I find that 7 of my 9 "careers" were jobs that I gained by "networking" although I wasn't conscious of that fact at the time. In retrospect, it makes sense that people who know me well professionally would be people who might recognize a promising position elsewhere when (or before) I was looking. Expanding horizons by meeting people in a variety of disciplines also helps to build resources for problem solving in the future. Ideally, these interactions will be interesting discussions and learning experiences rather than speed networking marathons in which there is no meaningful information exchange.
Yeah, that's probably true for a lot of kids. Being comfortable meeting people is definitely something I had to develop later - I was very quiet in high school, but in college and beyond I was really able to overcome some of my awkwardness... Or at least be comfortable enough with it not to really care!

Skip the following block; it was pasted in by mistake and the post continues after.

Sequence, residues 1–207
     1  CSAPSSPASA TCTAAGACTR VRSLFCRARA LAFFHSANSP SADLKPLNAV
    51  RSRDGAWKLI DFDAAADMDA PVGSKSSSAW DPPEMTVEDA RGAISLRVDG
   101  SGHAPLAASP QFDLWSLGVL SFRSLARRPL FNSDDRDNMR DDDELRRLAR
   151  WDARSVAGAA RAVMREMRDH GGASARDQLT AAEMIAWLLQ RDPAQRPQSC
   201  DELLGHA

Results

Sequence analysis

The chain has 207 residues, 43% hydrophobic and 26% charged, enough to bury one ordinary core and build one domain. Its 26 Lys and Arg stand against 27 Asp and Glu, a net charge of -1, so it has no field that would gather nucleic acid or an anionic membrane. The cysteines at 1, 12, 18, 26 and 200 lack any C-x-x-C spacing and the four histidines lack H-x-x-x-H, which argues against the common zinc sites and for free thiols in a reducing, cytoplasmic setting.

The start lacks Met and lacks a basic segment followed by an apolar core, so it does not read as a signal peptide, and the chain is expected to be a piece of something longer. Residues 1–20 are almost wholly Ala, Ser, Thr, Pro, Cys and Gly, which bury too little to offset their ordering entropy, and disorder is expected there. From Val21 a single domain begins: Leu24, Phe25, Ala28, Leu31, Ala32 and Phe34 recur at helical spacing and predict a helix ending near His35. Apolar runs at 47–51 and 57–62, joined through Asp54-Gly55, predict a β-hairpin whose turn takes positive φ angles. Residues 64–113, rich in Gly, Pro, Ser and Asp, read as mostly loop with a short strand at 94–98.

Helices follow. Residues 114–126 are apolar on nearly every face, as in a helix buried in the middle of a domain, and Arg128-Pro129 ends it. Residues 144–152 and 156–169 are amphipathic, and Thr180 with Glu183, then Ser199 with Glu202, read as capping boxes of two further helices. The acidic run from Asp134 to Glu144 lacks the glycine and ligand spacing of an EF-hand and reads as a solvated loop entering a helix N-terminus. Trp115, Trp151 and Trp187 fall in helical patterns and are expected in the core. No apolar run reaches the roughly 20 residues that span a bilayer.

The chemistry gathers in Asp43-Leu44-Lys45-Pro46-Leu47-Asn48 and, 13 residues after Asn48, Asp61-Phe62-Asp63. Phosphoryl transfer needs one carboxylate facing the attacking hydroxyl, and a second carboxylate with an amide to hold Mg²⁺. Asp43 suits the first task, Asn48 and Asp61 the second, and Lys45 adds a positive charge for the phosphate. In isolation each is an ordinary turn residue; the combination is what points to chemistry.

I think a big reason I ended up in computer engineering is that I grew up in a neighborhood with no other children (other than my older sister) so I quickly learned to be comfortable spending lots of time by myself concentrating on problem solving. If I'd grown up differently, perhaps I could do "hello fellow well met" and rise to royalty instead of spending time learning how to do cool magic like Merlin.
I think there are many engineers who are like me. Otherwise ThinkGeek.com wouldn't sell this cool T-shirt which says:
Drones are, in essence, flying autonomous vehicles. Pros and cons surrounding drones today might well foreshadow the debate over the development of self-driving cars. In the context of a strongly regulated aviation industry, "self-flying" drones pose a fresh challenge. How safe is it to fly drones in different environments? Should drones be required for visual line of sight – as are piloted airplanes? Join EE Times' Junko Yoshida as she moderates a panel of drone experts.